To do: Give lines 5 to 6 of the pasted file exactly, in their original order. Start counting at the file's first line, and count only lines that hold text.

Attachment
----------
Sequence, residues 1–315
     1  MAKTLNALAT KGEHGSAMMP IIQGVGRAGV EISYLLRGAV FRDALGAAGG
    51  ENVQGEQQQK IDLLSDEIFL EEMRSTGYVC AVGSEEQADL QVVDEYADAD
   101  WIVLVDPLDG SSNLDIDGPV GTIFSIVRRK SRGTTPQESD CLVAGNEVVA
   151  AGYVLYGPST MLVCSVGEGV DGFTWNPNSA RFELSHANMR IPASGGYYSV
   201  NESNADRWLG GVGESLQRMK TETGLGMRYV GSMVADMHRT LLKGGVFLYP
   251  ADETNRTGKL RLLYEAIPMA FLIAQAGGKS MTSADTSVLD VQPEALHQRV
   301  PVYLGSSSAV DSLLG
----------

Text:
   151  AGYVLYGPST MLVCSVGEGV DGFTWNPNSA RFELSHANMR IPASGGYYSV
   201  NESNADRWLG GVGESLQRMK TETGLGMRYV GSMVADMHRT LLKGGVFLYP